Croatia: The European Commission has opened an investigation to check whether the proposed acquisition of Cemex Croatia by HeidelbergCement and Schwenk is in line with the European Union (EU) Merger Regulation. The commission has concerns that the proposed takeover may reduce competition for grey cement in Croatia. It will make its decision by 23 February 2017.
"The construction sector, like any other sector, needs competition. As cement is an essential part of the sector we need to make sure that consolidation does not lead to higher prices for construction companies and ultimately consumers in Croatia," said commissioner Margrethe Vestager.
The commission has concerns regarding the supply of grey cement in southern Croatia, including Dalmatia in particular, where Cemex Croatia operates three cement plants in Split and faces competition from DDC's imports from Bosnia and Herzegovina, which is not an EU member. The proposed transaction would combine Cemex Croatia, the largest producer in the area, and DDC, the largest importer. The commission's initial investigation indicates that the proposed transaction may remove a significant competitor from an already concentrated regional market.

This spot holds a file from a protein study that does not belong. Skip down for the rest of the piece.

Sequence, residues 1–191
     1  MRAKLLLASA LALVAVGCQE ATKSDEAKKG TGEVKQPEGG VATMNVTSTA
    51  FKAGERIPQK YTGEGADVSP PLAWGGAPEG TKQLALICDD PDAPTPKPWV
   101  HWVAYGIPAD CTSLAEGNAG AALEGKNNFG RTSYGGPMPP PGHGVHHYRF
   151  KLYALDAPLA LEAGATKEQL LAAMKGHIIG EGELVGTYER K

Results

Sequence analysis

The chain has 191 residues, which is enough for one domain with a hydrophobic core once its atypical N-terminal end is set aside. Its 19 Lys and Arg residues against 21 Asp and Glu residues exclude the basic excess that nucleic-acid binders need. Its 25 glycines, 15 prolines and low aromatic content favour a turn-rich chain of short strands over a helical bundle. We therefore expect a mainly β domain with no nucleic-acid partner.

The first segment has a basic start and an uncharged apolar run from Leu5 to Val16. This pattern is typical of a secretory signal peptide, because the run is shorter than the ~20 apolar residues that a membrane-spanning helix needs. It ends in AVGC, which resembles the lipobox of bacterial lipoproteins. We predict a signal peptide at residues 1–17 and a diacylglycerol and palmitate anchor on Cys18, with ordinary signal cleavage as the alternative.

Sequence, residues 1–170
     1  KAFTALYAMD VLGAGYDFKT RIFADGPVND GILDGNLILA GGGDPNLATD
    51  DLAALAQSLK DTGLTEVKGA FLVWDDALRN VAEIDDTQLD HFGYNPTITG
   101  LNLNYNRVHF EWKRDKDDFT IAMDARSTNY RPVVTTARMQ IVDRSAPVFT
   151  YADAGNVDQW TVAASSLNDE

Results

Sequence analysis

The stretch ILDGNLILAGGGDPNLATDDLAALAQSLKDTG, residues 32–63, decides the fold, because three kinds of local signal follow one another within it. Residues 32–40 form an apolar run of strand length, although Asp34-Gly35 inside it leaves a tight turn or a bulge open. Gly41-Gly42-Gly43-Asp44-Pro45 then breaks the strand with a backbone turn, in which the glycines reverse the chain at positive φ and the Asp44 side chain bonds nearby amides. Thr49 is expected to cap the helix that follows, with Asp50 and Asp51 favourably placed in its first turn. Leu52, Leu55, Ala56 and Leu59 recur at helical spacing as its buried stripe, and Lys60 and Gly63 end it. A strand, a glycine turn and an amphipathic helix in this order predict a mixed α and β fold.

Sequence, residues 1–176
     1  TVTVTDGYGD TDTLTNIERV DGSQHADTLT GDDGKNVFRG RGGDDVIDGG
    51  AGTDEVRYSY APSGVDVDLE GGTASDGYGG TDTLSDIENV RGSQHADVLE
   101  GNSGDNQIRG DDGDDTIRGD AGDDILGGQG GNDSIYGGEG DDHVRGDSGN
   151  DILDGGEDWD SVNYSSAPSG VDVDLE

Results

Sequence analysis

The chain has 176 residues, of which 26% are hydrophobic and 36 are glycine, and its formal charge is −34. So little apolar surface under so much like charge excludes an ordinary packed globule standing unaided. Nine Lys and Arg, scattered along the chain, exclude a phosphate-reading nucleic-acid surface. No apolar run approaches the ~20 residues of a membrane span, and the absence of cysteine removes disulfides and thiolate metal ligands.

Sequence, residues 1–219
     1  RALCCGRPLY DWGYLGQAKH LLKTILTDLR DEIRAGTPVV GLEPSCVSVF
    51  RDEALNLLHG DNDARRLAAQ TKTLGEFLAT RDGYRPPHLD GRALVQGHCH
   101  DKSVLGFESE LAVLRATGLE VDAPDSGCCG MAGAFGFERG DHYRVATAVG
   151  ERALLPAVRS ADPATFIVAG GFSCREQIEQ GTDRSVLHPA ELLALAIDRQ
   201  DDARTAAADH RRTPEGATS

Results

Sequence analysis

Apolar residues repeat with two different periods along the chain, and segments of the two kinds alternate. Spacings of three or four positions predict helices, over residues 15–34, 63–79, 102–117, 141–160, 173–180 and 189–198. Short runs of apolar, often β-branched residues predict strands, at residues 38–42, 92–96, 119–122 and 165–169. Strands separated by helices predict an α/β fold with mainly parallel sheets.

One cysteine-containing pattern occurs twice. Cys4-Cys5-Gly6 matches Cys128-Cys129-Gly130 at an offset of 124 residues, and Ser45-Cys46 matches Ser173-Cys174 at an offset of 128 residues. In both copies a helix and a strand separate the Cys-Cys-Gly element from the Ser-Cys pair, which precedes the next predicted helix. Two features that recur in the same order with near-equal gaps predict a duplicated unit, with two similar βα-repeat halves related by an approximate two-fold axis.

The remaining actual or potential suppliers may exercise only limited competitive pressure on the merged entity because of the transport costs to reach southern Croatia. Additionally, the domestic cement suppliers Cemex Croatia and LafargeHolcim control all the cement terminals in ports along the Croatian coast. The commission has preliminary concerns that the transaction may strengthen the market power of Cemex Croatia in southern Croatia and result in price increases for grey cement.
HeidelbergCement and Schwenk plan to acquire, via their joint subsidiary DDC, assets in Croatia and Hungary that currently belonging to Cemex. The Hungarian part of the transaction as been referred to the Hungarian competition authority, so the commission's investigation will focuses on the acquisition of Cemex's Croatian assets.